It is among America’s most prestigious magazines, renowned for its exposés on the tobacco industry and the identity of Watergate informant “Deep Throat”.
But Vanity Fair is facing criticism after a special dispatch on anti-Semitism claiming that commandos were forced to rescue a Chief Rabbi from a Nazi mob in Paris was dismissed as false by French authorities.
According to an investigation published in the magazine’s August edition, Chief Rabbi Michel Gugenheim, 65, was said to have heard the ‘axe’ and ‘iron bar’ wielding mob chanting: ‘Hitler was right’ and ‘Jews get out of France’.
He was then rescued by anti-terrorist commandos who left other terrified Jews trapped inside a synagogue, according to the investigation by American journalist Marie Brenner.
But, despite the detail offered by Ms Brenner, Jewish groups and Paris police and prosecutors have united in branding her claims as false.
Ms Brenner, an American based in New York, claims Rabbi Gugenheim spent an hour barricaded inside the Roquette Synagogue on July 13 last year.
The 66-year-old said the Nazi sympathisers were then given free rein to threaten some 200 worshippers inside the synagogue for at least three hours.
She claims: “After an hour, a counterterrorism force rescued the Chief Rabbi, but everyone else was left inside, behind doors barricaded from the inside with chairs and tables.”
According to Ms Brenner, all then had to be rescued by members of the Jewish Defence League (JDL), a religious-political group banned in Israel and the USA, where it is classed by the FBI as a ‘terrorist group’.
In her report, Ms Brenner’s also claims ‘dozens of pictures’ were taken of youths making ‘Nazi-style’ salutes outside a Kosher supermarket where four Jews were murdered by an Islamic State of Iraq and the Levant (Isil) linked gunman in January.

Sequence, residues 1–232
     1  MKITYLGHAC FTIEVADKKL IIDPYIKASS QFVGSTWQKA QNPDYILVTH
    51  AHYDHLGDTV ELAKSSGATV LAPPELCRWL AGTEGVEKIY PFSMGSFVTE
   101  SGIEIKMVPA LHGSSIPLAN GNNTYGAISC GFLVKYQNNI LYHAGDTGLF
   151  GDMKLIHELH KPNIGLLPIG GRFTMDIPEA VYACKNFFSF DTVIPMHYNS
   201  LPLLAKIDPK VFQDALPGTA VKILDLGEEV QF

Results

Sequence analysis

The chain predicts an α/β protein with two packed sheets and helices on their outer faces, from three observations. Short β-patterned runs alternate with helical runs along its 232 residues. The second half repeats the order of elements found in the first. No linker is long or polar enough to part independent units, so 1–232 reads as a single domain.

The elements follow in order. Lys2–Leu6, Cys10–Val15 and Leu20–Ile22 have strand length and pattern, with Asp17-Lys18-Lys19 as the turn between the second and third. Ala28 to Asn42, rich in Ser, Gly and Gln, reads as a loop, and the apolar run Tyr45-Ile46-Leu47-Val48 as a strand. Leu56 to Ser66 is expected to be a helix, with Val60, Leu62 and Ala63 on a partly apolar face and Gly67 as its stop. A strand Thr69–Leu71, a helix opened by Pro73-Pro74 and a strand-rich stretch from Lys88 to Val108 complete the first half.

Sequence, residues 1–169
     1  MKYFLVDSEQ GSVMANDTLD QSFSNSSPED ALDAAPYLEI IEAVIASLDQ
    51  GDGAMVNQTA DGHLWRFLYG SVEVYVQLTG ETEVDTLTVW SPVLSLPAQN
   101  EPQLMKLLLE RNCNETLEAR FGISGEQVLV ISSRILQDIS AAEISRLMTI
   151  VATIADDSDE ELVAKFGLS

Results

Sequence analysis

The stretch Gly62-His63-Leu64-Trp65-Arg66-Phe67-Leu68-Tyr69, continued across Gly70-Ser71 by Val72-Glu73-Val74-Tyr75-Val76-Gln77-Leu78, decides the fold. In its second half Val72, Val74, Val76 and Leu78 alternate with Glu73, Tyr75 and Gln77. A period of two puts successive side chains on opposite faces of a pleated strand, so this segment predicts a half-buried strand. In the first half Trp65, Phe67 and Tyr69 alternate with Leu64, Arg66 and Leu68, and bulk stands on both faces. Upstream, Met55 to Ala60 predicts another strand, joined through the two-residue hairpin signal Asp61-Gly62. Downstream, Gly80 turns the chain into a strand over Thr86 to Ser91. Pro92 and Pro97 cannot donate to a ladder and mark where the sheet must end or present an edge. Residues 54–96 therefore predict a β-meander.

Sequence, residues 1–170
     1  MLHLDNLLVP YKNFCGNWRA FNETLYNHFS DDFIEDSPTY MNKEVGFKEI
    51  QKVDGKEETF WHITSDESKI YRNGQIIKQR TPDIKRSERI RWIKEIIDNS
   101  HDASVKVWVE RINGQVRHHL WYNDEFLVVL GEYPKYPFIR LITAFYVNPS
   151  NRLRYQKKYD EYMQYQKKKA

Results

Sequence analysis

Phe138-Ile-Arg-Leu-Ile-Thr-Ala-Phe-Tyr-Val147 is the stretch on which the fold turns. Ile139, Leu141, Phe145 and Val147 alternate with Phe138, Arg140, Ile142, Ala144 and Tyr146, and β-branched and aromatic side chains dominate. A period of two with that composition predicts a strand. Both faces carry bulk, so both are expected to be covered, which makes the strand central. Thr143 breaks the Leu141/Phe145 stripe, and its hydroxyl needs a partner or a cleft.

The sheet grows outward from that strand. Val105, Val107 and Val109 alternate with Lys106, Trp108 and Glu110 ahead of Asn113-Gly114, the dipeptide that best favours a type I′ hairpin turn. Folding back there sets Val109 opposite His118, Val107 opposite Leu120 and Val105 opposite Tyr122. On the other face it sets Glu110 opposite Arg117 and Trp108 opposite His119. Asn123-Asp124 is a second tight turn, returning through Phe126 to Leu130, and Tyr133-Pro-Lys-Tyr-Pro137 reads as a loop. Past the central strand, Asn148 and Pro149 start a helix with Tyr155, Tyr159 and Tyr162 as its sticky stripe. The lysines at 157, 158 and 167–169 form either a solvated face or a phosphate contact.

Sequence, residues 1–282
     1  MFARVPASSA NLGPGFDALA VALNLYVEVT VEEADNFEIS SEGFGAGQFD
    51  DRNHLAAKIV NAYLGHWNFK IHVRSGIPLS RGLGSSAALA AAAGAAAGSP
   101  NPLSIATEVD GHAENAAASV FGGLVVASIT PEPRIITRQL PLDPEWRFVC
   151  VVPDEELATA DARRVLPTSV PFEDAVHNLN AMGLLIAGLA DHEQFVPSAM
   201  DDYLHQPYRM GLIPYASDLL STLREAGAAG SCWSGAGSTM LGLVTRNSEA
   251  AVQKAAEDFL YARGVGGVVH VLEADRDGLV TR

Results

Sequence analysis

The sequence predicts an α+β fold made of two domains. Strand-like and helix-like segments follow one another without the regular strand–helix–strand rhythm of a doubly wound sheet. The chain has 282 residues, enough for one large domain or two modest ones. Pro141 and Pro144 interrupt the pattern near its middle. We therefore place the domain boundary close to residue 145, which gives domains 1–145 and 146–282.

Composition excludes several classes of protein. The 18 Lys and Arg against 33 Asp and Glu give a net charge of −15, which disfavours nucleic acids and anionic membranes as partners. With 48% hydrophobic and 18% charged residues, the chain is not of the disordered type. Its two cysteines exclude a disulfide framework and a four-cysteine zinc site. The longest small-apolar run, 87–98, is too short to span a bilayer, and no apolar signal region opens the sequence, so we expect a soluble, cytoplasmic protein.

Ms Brenner alleges that there are pictures of Isil flags being openly flown in central Paris, and she said videos have been shot of crowds regularly chanting “Death to Jews”.
But there are no images or sound recordings to back up Ms Brenner’s published claims, police say, and Jewish groups in Paris have joined them in describing them as untrue.
Serge Benhaim, the president of the Roquette synagogue, denied Ms Brenner’s version of events, saying that no troublemakers “got within 150 metres of the synagogue”.
The press secretary for the Chief Rabbi of France said the allegations about Michel Gugenheim were “absolutely not true”.
The spokesman said: “There was no counter-terrorism unit present [and] there was no Nazi mob outside the synagogue. The Chief Rabbi of Paris has not made any statement in relation to this claim.
“It’s the first time I’ve read about these allegations and this report has nothing to do with what the worshippers experienced; nothing to do with reality.”
Paris police and prosecutors denied that anti-terrorist police were anywhere near the synagogue, or that anyone committed “anti-Semitic crimes” nearby.
“There is no evidence whatsoever to support these claims,” said a Paris police spokesman. “If crowds were chanting these hateful slogans, and waving these flags, then there would be videos which would be used in criminal prosecutions. But they do not exist.”
The police spokesman also invited Brenner to produce the “dozens of pictures” of people making Nazi-style salutes outside the Hyper-Cacher supermarket.
It was targeted by a gunman during the Charlie Hebdo attacks in January, and has been surrounded by police officers ever since.
The police spokesman said there were five arrests around the Roquette synagogue on July 13 last year, all for public order offences, but none at all for anti-Semitism.
A spokesman for the US magazine said: “We stand by our story.”
Ms Brenner did not respond to requests for comment.